Who knew sandwich box sculptures were a thing? Anyone who follows Arby’s Twitter or Instagram accounts. Luring in customers with original art is an odd tactic for fast food chains, but by all accounts, it’s working.
The fast food restaurant recently unveiled a nearly eight-foot tall sculpture of the video game character “Nightmare” from the game SoulCalibur VI…made entirely from their food packaging.
Arby’s has become known for their creative box art over the past few years, and have constructed numerous cardboard sculptures for their Twitter and Instagram pages, mostly revolving around video game characters, anime and cartoons.
And fans of the genres have certainly taken notice, earning the sandwich purveyor something of a cult following in those realms.
Josh Martin, senior director of digital and social media for Arby’s, described this approach to advertising as “being a ‘fellow fan.’” The goal is to connect with niche subgroups and fandoms on a personal level.
“[The] majority of brands in social media are trying too hard to advertise and sell a product with their content. We’re just having fun and want to connect with fans with content that ties to their interests and that they find interesting/engaging,” said Martin.
Though Arby’s focuses mainly on anime and video game subcultures, Martin noted they have previously explored other ideas, including sports, hunting, motorcyclists, weightlifting and woodworking in their cardboard creations.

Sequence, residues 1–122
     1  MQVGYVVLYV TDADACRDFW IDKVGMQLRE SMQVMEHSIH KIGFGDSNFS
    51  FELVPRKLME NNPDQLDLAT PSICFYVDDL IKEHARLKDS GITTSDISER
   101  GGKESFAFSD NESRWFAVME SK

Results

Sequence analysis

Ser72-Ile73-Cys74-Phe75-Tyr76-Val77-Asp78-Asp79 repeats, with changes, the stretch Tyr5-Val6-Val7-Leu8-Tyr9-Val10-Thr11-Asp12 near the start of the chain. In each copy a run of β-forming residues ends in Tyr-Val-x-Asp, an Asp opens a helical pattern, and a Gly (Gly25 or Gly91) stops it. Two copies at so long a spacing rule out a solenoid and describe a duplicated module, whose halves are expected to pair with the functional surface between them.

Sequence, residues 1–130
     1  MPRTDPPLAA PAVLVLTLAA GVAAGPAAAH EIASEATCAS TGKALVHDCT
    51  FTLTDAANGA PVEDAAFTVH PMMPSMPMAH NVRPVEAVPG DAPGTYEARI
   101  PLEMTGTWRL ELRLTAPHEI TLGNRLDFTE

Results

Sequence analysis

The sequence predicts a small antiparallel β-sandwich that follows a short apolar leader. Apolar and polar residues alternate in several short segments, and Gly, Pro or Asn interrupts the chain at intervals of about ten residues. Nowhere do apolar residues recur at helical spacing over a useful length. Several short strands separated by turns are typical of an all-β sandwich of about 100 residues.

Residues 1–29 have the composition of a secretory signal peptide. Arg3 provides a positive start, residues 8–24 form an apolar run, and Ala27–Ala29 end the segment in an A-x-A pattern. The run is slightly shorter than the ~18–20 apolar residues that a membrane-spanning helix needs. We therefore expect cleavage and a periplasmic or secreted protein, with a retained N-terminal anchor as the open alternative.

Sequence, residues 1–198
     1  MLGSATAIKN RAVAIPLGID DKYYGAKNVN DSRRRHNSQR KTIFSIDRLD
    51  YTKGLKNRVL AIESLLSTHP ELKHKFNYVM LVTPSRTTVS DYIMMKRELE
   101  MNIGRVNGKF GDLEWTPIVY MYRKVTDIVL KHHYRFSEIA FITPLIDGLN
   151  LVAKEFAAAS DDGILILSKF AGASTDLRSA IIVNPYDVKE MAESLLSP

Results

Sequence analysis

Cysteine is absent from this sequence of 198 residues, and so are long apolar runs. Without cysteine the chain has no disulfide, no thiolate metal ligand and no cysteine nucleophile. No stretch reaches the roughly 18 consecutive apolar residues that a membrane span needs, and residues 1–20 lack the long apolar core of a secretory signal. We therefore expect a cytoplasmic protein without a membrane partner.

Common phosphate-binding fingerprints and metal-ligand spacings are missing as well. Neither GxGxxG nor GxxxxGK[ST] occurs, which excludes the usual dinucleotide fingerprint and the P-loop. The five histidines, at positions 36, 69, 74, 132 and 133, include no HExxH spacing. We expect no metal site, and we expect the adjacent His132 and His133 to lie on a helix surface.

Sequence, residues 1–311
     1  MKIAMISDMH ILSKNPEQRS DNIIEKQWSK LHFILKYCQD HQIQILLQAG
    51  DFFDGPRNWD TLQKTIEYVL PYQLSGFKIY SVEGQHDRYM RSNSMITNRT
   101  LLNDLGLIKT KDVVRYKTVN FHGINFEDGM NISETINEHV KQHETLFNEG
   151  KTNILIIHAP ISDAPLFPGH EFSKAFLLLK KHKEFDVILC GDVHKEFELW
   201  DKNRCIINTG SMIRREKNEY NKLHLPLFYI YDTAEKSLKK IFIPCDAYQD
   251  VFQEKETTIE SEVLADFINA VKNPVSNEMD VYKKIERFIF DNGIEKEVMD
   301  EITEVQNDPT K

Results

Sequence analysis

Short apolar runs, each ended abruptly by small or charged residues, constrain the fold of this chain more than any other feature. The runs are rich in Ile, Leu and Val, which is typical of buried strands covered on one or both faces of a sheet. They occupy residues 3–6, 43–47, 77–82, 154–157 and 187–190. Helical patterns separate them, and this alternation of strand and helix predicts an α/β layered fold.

In today’s market of constantly revolving content and what seems to be endless ad after endless ad of someone shouting a catch-phrase while a different happy person bites into a sandwich, it’s nice to see marketing content that feels somewhat DIY, tailored to an audience and totally fine with being a slow, painstaking process. (Though of course Arby’s caters to the former pretty well with their booming narrator informing everyone within earshot, “WE HAVE THE MEATS!” Not sure if you’ve heard it before? Oh…you have.)
The Nightmare statue is a huge shift from traditional television advertising, and a completely different monster. It took eight people 14 days to make the statue, which was displayed at the 2018 Anime Expo in Los Angeles.
“There are plans for further builds with Arby’s as well as continued plans for the Nightmare build,” a representative for Volpin Props, the creative agency that works with Arby’s, told Observer, though they can’t currently reveal any details about future ambitious projects to top this beast. Guess you’ll just have to petition their social feeds to see your favorite character brought to life.